Diabetes Cyber Kitchen Takes To The Backyard…And the Road
Summer is a volatile season. Its winds and wings reach out over our bodies and spirits. During the dog days of blistering heat ….. moods swing, and appetite languishes. Who ‘s hungry in the midst of 99 degrees muggy, humid, vaporous heatwaves? But, when summer is bright and clear ….. with happy sunshine days and magical, balmy nights ….. all is right with the world and the appetite. Still, in summer, our taste buds make seasonal changes, turning to fresh, colorful, exciting, easy to cook, easy to eat foods As diabetics, certain meal and mealtime requirements must be factored into the mix of summer eating. But, not to worry. Put on your sandals or flip-flops and come outside with me for a trip to local farm sheds, produce stands, and fisheries for some good shopping, simple preparation, and fabulous eating.
If you don’t already know where to go for fresh summer foods, check local newspapers, the Parks department, Chamber of Commerce, or simply ask neighbors who have lived in the area for some time. This kind of precious information gets around since farmers and fishermen are all over the country showing off their catch of the day and beautiful tomatoes, corn, peaches, and berries. Once you’ve found your sources for fresh foods, find a little spot outdoors, to set up a grill. Now you are ready to prepare yourself BG friendly meals, that will both nourish and delight. I bought a tabletop grill for $5 in Walmart last week and have been using it every evening on my back doorstep. As you try this simple type of cooking, you may find yourself becoming a healthy grill king or queen….. tongs in hand, basting your way through lazy hazy days of summer. Don’t forget to check Recipe Central for a few easy tips, recipes, and methods for backyard grilling.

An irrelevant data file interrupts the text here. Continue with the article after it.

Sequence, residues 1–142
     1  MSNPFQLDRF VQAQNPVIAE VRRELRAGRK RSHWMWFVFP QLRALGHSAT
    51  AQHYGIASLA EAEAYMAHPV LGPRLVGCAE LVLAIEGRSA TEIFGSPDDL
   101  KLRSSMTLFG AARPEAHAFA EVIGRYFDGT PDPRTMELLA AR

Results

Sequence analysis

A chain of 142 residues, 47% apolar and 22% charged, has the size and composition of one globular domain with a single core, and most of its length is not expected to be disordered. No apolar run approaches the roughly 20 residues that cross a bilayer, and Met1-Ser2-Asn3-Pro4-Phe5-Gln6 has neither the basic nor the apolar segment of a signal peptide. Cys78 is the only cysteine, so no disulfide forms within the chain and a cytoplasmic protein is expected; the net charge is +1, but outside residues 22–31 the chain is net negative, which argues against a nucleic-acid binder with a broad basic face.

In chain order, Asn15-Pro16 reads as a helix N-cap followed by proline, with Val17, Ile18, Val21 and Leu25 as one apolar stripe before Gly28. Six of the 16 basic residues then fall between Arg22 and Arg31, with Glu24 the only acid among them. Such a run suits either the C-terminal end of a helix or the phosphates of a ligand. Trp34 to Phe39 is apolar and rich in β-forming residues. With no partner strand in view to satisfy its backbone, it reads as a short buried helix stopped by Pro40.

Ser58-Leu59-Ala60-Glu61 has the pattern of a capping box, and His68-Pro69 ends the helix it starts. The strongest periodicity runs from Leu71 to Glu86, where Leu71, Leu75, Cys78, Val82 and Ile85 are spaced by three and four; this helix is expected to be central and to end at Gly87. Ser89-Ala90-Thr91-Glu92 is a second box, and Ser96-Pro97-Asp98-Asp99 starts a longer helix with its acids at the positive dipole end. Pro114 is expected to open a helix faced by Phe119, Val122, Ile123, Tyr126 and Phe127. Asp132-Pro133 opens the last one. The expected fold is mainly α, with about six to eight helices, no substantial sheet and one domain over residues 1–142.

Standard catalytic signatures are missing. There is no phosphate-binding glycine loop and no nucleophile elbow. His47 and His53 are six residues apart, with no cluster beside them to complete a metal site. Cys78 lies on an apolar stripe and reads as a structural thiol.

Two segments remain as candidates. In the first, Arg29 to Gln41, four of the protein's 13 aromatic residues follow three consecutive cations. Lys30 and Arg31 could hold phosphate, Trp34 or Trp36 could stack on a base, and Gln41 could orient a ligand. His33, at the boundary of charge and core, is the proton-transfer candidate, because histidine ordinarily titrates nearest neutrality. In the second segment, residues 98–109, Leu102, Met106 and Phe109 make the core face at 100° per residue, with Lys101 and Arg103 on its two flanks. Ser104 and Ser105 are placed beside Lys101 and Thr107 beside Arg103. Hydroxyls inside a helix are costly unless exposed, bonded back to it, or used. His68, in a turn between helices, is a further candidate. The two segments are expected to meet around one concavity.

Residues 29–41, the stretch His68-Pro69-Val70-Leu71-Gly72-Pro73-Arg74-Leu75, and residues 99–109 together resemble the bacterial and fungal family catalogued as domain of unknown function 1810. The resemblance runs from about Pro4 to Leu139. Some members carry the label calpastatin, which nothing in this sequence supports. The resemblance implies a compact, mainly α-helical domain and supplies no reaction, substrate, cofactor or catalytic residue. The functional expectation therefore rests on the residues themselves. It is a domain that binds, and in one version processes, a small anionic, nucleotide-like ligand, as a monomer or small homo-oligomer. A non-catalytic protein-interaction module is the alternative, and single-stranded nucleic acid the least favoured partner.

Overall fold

Summer is also about traveling and vacations. When traveling with diabetes it’s good to make a “to-do” list that may insure a stress-free, fun-filled, healthy trip. Some diabetic friends who are frequent travelers offered great tips and hints that I pass on to you so that this summer …… traveling will really be a vacation.
- Laura Laria learned to carry small boxes of raisins and packets of peanut butter or cheese crackers to ward off low blood sugars, and growling hunger, during airplane delays she experienced on one too many occasions. These snacks are n especially helpful when airport food stands are not yet open, or, have closed shop for the night.
- Steve Donahue reminds us about time change adjustments for insulin regimens and pumps clocks. You may arrive across the country or overseas and wonder why your blood sugars are acting up. Remember to make time adjustments.
- Dana Hariton has learned to carry saltines at all times. You never know where or when you’ll be stuck without food. Saltines don’t need refrigeration, are light to pack, and will stabilize blood sugar without ruining your appetite. Dana also warns about hidden carbs and sugars in many foreign foods. Her advice is to always carry plenty of extra strips and test often.
- Brad Saks packs a jump rope and checks local TV for exercise programs to get in a workout while on business trips.